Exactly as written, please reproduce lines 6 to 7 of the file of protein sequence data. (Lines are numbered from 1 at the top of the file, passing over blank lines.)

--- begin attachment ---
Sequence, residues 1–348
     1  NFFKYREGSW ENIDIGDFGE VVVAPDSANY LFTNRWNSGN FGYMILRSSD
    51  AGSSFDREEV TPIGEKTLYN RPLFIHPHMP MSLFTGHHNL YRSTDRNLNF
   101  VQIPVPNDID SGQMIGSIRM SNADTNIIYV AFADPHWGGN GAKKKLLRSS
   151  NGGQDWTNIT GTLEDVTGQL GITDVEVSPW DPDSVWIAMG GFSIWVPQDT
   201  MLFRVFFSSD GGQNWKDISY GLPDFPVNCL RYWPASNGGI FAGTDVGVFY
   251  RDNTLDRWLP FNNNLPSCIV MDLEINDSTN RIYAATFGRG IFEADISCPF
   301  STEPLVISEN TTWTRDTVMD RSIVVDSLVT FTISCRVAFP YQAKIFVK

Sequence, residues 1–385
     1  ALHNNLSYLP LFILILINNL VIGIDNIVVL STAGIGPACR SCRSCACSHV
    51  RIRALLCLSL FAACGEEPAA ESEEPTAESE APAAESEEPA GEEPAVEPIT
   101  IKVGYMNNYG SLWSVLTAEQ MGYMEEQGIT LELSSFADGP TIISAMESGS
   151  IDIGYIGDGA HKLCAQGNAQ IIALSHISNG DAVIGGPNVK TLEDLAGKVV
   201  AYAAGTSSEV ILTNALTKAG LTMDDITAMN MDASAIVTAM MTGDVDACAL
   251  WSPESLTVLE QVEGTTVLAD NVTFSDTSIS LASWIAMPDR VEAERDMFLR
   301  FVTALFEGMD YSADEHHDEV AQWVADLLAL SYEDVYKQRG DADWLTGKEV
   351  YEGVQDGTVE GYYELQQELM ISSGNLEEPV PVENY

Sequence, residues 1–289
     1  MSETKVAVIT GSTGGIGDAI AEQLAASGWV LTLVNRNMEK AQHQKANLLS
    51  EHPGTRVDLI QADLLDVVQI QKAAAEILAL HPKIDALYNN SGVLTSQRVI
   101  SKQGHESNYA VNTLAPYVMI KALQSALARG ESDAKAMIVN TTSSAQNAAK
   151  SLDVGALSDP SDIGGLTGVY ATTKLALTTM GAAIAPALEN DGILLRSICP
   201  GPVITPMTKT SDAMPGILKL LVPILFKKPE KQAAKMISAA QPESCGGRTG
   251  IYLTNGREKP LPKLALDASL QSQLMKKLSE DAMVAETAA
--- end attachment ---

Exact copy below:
   201  MLFRVFFSSD GGQNWKDISY GLPDFPVNCL RYWPASNGGI FAGTDVGVFY
   251  RDNTLDRWLP FNNNLPSCIV MDLEINDSTN RIYAATFGRG IFEADISCPF